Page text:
"As the companies have matured, Alex and I recognized this split allows both companies to fully and independently pursue all the opportunities ahead." said Phil Musser, CEO of IMGE.

IMGE has also hired Bryan Sanders, husband of soon-to-be White House press secretary Sarah Huckabee Sanders, to lead a newly-created research and insights division, IMGE Insights, that will focus on sophisticated online polling and large-scale research.

They've also recently added several big strategic partners, like Liesl Hickey, who used to run the NRCC, and longtime political operative Phil Cox, who runs the bipartisan public affairs firm 50 State, and who is taking an expanded role at IMGE as a senior advisor.

Why it matters: IMGE has become a big presence in the Republican media agency space with clients like Boeing and the newly-created Great America PAC chaired by Vice President Mike Pence. Becoming totally independent of Independent Journal Review will let it avoid entanglements with an editorial partner.

8. Facebook starts to monetize its messaging monopoly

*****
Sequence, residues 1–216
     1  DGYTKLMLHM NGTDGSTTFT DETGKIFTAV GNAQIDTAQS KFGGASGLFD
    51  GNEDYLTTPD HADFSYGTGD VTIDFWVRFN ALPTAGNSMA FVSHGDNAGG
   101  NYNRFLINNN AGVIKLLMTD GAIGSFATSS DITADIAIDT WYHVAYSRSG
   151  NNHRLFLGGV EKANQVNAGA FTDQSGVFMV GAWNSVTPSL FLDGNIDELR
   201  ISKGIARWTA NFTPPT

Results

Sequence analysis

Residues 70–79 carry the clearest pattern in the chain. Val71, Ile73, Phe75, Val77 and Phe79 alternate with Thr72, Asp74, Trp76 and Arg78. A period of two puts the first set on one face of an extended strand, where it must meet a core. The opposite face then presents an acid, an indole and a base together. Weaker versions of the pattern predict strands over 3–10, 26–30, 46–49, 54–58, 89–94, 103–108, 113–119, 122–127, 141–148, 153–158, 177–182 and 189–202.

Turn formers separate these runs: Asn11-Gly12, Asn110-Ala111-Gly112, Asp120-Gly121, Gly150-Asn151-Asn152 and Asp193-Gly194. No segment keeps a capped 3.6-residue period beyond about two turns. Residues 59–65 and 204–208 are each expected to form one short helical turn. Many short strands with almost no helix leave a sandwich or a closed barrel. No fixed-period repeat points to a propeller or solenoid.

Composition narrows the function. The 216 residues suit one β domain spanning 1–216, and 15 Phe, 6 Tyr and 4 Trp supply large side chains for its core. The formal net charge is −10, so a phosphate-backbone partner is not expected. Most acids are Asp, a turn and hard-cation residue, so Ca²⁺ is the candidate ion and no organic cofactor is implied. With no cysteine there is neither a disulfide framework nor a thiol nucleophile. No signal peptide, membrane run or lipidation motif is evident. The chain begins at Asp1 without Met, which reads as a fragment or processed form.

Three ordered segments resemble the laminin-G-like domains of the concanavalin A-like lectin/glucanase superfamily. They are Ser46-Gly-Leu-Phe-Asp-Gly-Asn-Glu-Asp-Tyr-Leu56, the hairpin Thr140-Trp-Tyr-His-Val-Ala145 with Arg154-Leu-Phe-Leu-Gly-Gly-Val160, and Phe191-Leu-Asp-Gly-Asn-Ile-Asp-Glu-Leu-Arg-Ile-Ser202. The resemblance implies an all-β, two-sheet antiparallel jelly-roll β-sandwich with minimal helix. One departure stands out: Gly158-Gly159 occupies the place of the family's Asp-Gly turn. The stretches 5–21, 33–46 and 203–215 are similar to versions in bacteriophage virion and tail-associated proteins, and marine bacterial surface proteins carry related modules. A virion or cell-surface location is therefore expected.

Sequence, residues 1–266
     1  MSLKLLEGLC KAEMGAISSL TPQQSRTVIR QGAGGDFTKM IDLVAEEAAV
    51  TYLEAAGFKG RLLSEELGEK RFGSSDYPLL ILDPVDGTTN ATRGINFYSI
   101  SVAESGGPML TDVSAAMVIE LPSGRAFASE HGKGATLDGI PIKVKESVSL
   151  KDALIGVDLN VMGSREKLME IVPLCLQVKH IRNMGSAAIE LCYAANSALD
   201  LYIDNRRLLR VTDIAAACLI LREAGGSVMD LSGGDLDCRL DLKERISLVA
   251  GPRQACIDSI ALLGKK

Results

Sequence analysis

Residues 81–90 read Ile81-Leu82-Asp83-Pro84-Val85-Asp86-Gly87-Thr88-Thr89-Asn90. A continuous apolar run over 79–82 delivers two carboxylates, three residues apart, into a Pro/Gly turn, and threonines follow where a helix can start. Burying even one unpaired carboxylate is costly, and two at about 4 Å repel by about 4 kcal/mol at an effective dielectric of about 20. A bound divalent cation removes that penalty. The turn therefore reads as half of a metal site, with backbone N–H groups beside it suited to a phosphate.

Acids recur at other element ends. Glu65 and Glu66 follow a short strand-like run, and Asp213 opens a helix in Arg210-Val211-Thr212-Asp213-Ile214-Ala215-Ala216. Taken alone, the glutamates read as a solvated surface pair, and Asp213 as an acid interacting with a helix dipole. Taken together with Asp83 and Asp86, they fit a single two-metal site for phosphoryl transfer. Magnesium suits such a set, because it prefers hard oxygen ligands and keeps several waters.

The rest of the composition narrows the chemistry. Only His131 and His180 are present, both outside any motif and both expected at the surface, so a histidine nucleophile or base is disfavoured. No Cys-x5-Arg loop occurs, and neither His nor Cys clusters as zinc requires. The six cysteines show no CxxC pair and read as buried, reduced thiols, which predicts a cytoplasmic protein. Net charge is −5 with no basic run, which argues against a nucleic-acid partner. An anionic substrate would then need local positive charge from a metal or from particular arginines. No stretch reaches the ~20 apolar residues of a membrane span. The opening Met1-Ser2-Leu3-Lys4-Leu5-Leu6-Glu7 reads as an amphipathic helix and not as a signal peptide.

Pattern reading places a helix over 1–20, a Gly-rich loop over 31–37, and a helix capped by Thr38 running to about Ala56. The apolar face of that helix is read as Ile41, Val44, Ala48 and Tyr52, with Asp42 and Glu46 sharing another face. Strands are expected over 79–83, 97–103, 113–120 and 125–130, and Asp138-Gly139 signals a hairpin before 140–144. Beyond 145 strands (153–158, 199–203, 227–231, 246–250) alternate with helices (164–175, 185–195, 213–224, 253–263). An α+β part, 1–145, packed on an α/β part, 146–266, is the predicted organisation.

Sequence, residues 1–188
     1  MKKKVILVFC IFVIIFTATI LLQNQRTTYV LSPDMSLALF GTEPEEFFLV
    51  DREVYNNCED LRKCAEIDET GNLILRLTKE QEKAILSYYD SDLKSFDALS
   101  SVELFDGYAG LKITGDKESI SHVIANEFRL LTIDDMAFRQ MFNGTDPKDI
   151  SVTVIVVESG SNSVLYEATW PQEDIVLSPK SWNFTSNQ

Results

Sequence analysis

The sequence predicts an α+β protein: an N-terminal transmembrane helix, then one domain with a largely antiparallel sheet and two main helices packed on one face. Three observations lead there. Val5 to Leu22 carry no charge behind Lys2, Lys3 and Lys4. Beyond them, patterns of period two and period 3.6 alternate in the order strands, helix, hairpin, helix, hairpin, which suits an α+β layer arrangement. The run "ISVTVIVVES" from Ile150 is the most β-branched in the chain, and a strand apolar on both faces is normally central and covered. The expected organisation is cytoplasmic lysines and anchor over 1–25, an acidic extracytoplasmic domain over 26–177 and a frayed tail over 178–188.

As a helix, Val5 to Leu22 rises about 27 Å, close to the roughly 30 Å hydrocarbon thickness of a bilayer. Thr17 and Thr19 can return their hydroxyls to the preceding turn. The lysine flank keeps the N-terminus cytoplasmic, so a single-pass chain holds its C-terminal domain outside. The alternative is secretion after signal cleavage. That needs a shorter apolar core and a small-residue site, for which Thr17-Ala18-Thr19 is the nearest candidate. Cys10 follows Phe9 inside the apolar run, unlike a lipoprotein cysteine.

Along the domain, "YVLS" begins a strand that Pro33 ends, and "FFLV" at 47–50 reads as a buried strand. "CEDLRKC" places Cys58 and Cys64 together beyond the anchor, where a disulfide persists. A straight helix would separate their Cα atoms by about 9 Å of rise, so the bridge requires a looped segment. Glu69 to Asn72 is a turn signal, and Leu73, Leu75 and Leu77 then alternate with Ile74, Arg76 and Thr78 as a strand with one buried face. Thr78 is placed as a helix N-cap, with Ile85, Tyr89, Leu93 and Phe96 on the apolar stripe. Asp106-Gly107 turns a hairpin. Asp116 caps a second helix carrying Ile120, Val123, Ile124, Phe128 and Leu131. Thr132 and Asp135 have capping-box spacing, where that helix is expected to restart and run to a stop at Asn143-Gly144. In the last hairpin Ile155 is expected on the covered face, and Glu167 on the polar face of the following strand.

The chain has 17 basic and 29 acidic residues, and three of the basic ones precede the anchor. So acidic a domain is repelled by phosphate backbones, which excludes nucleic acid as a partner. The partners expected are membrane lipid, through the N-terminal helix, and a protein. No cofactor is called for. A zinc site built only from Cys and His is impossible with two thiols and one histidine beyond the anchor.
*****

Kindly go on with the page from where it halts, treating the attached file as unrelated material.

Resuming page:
Everyone thinks of Facebook as a social media behemoth, but they're actually much more dominant in messaging and they're starting to capitalize on that for revenue. Facebook-owned WhatsApp is the number one messaging app in 107 countries around the world, and Facebook's Messenger is number one in 58 countries, according to a SimilarWeb study.

The company announced last week that they're beginning to roll out ads on Facebook Messenger globally, meaning advertisers will start to be able to place ads on Messenger, and for some people, ads will slowly begin to appear on the Home tab. Reports are also out that Facebook is hiring talent to "lead product development on our monetization efforts" for WhatsApp, a messaging app popular in Europe that Facebook bought in 2014 for $19 billion.